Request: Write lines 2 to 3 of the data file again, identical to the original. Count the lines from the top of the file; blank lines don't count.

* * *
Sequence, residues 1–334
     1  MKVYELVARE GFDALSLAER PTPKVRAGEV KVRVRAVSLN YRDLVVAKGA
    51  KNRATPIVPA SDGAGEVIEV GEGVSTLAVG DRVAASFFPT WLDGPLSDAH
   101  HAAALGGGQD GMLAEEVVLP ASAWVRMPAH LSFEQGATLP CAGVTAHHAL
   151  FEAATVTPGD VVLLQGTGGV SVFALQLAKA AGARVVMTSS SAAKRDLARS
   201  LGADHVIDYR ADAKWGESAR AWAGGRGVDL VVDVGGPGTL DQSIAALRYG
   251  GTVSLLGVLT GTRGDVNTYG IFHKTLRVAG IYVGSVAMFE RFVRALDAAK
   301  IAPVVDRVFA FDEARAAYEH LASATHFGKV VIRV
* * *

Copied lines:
     1  MKVYELVARE GFDALSLAER PTPKVRAGEV KVRVRAVSLN YRDLVVAKGA
    51  KNRATPIVPA SDGAGEVIEV GEGVSTLAVG DRVAASFFPT WLDGPLSDAH